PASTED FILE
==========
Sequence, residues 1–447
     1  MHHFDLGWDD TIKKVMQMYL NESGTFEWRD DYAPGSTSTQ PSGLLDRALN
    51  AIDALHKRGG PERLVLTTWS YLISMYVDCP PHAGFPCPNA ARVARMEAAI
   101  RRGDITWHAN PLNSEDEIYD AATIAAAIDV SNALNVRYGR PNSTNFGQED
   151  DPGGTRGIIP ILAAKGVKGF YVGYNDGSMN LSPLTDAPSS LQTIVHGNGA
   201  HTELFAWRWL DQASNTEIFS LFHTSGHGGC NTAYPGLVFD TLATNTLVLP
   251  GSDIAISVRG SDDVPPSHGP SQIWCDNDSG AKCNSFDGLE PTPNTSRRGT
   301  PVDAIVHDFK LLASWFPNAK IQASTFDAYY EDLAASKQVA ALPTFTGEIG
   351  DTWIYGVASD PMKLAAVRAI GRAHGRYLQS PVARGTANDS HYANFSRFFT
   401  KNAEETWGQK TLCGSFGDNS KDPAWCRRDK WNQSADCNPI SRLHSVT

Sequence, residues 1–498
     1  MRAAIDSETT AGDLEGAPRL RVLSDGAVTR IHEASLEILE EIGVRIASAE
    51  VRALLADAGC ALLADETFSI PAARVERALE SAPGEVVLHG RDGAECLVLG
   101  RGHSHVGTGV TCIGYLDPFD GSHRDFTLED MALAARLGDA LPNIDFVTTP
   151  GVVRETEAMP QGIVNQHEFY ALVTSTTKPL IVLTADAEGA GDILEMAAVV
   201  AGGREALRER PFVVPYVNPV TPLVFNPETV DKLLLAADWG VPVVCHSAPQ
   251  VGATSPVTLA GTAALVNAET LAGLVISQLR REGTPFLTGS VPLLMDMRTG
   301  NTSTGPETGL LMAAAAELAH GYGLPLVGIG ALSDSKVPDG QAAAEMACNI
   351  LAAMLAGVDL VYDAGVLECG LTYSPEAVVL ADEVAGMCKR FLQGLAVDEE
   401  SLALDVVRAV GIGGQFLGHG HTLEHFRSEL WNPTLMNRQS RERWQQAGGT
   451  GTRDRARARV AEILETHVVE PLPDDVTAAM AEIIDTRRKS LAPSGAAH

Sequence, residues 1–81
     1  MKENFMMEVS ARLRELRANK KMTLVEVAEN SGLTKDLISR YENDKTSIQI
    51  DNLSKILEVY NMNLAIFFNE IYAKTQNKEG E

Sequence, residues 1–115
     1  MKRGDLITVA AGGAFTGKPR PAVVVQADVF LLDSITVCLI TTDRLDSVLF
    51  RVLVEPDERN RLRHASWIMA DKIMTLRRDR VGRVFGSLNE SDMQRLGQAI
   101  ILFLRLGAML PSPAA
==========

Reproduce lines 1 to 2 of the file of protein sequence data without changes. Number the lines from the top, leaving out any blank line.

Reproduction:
Sequence, residues 1–447
     1  MHHFDLGWDD TIKKVMQMYL NESGTFEWRD DYAPGSTSTQ PSGLLDRALN